This post was updated at 4:30 p.m. ET with comment from Xavier the cat’s human.
Because superPACs aren’t legally allowed to donate money directly to or coordinate with a political campaign, founders often give them patriotic but purposefully vague names. There’s Keep the Promise (supporting Ted Cruz), Opportunity and Freedom (Perry), Priorities USA Action (Clinton), and Pursuing America’s Greatness (Huckabee).
SuperPACs can raise unlimited sums of money from corporations, individuals, and other associations and can spend freely to support or oppose a given candidate.
But not every superPAC aims for a serious name or even a serious platform. The threshold to legally form such a committee is low enough that many Americans have formed their own superPACs for a small platform, as a joke, or to make a statement about superPACs themselves, like comedian Stephen Colbert did in 2011 with Americans for a Better Tomorrow, Tomorrow.
“I see publicizing the superPACs with a satirical streak as a way of keeping some level of public attention on the issue that these superPACs exist at all, are so easy to form, and have a variety of poorly-understood legal tricks at their disposal which can be and are used to pour mind-boggling sums of capital into political campaigns,” said Danny Ben-David, a recent MIT graduate who serves as president and “Grand Poobah” of Why Not ZoidPAC?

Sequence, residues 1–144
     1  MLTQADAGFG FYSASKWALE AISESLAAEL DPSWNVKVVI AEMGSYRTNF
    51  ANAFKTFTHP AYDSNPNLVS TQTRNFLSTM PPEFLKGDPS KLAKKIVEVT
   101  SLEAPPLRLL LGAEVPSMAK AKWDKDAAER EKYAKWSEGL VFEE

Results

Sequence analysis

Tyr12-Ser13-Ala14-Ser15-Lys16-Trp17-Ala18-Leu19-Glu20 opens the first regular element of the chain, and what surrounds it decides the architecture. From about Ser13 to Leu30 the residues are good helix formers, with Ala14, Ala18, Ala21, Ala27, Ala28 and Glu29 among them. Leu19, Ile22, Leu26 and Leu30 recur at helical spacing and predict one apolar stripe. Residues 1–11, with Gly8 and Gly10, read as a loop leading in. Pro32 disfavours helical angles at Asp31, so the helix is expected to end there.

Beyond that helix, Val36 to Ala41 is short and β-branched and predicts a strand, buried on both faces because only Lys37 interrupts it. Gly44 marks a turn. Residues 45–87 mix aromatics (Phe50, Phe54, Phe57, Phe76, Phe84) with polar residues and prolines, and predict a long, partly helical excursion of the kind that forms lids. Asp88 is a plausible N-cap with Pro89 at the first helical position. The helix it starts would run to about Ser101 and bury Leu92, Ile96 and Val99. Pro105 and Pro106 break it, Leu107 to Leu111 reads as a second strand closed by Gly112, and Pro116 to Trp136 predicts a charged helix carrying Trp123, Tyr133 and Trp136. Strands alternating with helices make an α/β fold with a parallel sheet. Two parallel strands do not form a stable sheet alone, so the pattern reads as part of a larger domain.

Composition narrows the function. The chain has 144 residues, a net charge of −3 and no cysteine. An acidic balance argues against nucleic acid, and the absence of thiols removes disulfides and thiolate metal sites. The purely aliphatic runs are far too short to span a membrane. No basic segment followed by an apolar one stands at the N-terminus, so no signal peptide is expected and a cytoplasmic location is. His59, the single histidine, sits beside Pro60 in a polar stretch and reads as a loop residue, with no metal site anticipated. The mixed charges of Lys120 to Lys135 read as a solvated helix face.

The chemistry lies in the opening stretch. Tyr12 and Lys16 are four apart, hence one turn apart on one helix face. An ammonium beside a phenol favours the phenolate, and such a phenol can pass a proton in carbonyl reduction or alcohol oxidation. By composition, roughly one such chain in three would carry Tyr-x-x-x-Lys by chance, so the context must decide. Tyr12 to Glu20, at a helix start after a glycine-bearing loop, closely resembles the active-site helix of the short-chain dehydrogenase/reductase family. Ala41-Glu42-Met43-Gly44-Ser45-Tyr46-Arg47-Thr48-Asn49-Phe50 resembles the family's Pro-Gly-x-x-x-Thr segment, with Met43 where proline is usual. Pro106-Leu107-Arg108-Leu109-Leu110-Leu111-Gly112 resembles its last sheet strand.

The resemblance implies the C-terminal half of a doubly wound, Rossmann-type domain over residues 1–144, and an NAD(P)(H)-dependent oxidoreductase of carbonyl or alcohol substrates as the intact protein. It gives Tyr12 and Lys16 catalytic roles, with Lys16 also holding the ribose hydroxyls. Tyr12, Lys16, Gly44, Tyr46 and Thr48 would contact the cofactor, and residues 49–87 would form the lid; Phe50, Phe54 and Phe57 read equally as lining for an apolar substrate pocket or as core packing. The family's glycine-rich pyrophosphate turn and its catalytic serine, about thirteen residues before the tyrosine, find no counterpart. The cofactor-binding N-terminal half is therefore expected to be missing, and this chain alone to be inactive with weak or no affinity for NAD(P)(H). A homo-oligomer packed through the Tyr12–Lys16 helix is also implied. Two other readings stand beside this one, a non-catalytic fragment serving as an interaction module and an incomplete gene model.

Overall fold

All superPAC owners-to-be need to do to create one is fill out FEC Form 1, then submit a letter to identify as a superPAC using this template. After registering as a superPAC, filers must file regular reports to disclose their receipts and disbursements. Friday, July 31st at midnight was the latest filing deadline for superPACs.
“In the end, it took five pieces of paper and a stamp,” Ben-David said. He received a confirmation of his superPAC’s status a week later.
Here are some other creative names spicing up campaign finance: